- The play Custer concludes with an example that Breaks The Fourth Wall. Set in Purgatory more than a century after the Battle of Little Big Horn, it mostly consists of the souls of George Armstrong Custer and his subordinates arguing over who was to blame for their utter defeat and annihilation at the hands of the Sioux. The characters have been fighting over relatively minor matters when, without skipping a beat, Custer looks out at the audience and declares that while it's easy to criticize him, the audience members are at that moment sitting on land that they have been able to safely inhabit thanks to the very "manifest destiny" doctrine that Custer died for. The implication is, if you don't like it, go live somewhere else, but otherwise, you have no right to criticize me.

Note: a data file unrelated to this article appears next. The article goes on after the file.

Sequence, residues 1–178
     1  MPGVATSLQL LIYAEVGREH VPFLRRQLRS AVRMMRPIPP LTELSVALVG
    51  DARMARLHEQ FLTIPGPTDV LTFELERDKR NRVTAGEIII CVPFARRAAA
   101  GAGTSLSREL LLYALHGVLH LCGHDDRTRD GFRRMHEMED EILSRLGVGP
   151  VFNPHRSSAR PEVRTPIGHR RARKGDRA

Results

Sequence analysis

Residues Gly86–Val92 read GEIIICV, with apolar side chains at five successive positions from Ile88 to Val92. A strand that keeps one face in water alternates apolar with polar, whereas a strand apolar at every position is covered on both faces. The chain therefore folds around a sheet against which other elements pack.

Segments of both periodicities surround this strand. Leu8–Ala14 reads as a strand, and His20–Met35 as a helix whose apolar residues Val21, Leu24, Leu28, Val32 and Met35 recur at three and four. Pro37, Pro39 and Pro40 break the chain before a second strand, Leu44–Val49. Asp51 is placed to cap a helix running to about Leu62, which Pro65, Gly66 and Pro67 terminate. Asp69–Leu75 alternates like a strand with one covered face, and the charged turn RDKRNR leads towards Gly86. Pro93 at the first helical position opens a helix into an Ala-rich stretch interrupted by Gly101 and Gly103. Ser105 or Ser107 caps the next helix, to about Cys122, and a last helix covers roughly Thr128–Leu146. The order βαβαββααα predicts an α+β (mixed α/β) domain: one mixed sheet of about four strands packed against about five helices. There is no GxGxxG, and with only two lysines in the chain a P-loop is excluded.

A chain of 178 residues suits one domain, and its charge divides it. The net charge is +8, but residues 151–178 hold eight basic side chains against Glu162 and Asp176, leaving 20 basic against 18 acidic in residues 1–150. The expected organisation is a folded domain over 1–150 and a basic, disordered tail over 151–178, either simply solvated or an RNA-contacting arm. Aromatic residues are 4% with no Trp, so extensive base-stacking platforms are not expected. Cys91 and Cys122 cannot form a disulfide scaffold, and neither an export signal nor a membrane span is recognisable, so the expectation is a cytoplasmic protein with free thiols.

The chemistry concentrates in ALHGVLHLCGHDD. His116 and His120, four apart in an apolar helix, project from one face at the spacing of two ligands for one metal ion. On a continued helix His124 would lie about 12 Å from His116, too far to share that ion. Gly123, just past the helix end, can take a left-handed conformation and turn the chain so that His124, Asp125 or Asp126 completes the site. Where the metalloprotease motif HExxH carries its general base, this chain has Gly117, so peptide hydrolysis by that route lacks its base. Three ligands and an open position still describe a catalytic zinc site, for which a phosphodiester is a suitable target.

- In Les MisÚrables, after being hounded by Javert for the entire play, Valjean issues a devastating one that also qualifies as Talking the Monster to Death.
You are wrong, and always have been wrong. I'm a man, no worse than any man. You are free, and there are no conditions. No bargains or petitions. There's nothing that I blame you for. You've done your duty, nothing more. Valjean then gives Javert his home address and expects to see him again. He does, but not at his home, as shortly after their next (and final) encounter, Javert commits suicide by jumping into the Seine.